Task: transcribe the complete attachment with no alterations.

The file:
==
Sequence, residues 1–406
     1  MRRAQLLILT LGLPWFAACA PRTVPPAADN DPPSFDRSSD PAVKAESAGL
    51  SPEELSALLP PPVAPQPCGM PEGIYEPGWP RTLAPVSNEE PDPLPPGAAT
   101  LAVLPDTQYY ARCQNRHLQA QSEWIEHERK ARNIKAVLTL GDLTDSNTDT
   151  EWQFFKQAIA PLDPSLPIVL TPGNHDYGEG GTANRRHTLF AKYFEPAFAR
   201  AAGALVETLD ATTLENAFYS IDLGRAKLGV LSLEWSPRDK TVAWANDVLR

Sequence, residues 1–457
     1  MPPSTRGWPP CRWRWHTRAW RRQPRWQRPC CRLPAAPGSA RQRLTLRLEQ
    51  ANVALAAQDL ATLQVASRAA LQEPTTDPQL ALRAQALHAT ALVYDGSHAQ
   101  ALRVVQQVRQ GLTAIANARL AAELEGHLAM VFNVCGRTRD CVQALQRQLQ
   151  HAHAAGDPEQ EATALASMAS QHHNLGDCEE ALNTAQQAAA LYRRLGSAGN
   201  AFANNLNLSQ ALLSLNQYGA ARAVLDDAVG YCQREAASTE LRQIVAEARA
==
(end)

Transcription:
Sequence, residues 1–406
     1  MRRAQLLILT LGLPWFAACA PRTVPPAADN DPPSFDRSSD PAVKAESAGL
    51  SPEELSALLP PPVAPQPCGM PEGIYEPGWP RTLAPVSNEE PDPLPPGAAT
   101  LAVLPDTQYY ARCQNRHLQA QSEWIEHERK ARNIKAVLTL GDLTDSNTDT
   151  EWQFFKQAIA PLDPSLPIVL TPGNHDYGEG GTANRRHTLF AKYFEPAFAR
   201  AAGALVETLD ATTLENAFYS IDLGRAKLGV LSLEWSPRDK TVAWANDVLR

Sequence, residues 1–457
     1  MPPSTRGWPP CRWRWHTRAW RRQPRWQRPC CRLPAAPGSA RQRLTLRLEQ
    51  ANVALAAQDL ATLQVASRAA LQEPTTDPQL ALRAQALHAT ALVYDGSHAQ
   101  ALRVVQQVRQ GLTAIANARL AAELEGHLAM VFNVCGRTRD CVQALQRQLQ
   151  HAHAAGDPEQ EATALASMAS QHHNLGDCEE ALNTAQQAAA LYRRLGSAGN
   201  AFANNLNLSQ ALLSLNQYGA ARAVLDDAVG YCQREAASTE LRQIVAEARA